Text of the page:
Presentations are generally considered either an exhilarating chance at per formative lecture giving by those interested and well versed in public communication, or the first sign of impending apocalypse by everyone else who isn’t plain unusual. (In defense of this claim, I like very much to give public presentations.)
But whatever respective camp you find yourself in, there is absolutely no doubt everyone can improve on their abilities as a public speaker. Whether it be improving on eye contact, audience engagement, or vocal intonation, there are a surprisingly high number of factors that can positively or negatively affect any oral presentation.
Transylvania University seems to understand this very well, and, in an effort to improve our on- and post campus careers, has designed a “Presentation on Presentations” to exemplify what Transylvania first years need to do in order to successfully present information in the classroom or otherwise. The presentation, led by professor Gary Deaton, is for all first years Pioneers and lasts about an hour. In his presentation, Deaton sums up the three major areas of focus Delivery, Organization, and Content. Through these three broad categories he examines individual strategies that will improve all three.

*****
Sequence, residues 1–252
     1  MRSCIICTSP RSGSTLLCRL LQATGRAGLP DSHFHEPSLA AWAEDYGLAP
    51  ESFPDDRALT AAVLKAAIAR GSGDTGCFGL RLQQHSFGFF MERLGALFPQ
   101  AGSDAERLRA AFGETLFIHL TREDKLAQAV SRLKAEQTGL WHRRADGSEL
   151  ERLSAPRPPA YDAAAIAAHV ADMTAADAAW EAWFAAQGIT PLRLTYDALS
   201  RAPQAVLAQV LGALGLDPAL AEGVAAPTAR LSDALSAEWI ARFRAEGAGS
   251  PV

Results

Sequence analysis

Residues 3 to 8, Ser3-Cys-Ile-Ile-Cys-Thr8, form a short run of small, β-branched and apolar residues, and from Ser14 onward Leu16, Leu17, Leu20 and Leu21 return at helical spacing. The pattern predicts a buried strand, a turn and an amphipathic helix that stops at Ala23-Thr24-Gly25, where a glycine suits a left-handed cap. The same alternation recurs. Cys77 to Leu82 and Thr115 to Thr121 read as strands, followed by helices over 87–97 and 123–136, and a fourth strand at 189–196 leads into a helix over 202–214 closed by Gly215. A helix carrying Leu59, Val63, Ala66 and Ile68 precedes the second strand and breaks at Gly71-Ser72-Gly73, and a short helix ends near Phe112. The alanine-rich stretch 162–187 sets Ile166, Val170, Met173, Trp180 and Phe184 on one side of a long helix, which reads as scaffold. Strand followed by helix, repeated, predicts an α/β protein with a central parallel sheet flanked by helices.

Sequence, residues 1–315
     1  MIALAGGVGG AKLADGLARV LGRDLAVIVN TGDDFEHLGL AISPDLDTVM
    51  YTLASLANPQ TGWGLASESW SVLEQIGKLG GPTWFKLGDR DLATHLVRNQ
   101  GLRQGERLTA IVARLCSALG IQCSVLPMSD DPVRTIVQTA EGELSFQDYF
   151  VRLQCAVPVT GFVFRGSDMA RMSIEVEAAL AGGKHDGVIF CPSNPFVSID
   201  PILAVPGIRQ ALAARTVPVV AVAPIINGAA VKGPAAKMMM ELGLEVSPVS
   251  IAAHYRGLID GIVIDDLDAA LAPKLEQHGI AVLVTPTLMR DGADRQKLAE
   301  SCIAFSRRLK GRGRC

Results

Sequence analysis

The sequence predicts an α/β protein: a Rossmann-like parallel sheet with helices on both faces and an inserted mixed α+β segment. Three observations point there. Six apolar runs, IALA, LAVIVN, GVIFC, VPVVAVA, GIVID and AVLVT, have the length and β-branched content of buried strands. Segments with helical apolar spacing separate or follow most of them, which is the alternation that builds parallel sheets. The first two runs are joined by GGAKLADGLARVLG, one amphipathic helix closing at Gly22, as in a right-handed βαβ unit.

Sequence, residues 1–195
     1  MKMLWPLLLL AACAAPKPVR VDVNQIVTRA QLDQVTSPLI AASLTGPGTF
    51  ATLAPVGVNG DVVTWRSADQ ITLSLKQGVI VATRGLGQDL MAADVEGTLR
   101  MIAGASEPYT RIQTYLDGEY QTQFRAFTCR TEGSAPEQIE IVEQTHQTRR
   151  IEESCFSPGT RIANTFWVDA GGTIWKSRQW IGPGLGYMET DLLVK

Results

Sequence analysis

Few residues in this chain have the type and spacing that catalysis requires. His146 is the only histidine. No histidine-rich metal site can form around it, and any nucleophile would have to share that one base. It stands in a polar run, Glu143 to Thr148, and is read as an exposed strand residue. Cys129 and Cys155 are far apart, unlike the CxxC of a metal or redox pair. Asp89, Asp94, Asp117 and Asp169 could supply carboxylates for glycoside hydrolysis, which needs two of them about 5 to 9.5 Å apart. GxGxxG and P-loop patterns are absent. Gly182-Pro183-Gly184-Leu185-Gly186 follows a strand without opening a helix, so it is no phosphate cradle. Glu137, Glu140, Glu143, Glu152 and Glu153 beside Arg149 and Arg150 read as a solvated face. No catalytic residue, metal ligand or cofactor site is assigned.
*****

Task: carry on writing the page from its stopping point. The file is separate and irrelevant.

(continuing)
Being that Professor Deaton is in fact my father, I am deplorably biased. In fact, it would be hard to believe anything I will or have said about this presentation without first thinking my writing is little more than nepotistic dribble, oozing from a tactless shadow-liver attempting to gain ethos by vicariously espousing the exploits of a close relative. IF, of course, my sentiments weren’t echoed by everyone else on campus. 😉
And let me just say, as Gary’s biggest critic and the person who is at liberty to most honestly evaluate his performance, I will say he is amazing at what he does.
In the presentation itself, Professor Deaton juxtaposes serious, topical content with light-hearted delivery and clever quips of humor that keep the pace lively and the audience engaged. As he uses anecdotal evidence as to why NOT memorizing long speeches is critical, (lest you mimics one of his former students, who upon loss of all memorized recollection of a speech repeatedly banged his head against the lectern) students seem to almost forget they are being instructed. And the results speak for themselves. Those who have witnessed the differentiations between first semester freshman presentations, before this presentation is held, and second semester, after this presentation, are palpable. Succinct articulation and general confidence exude from many first years after the course, and getting to hear one of the funniest men on campus talk for an hour isn’t too shabby either.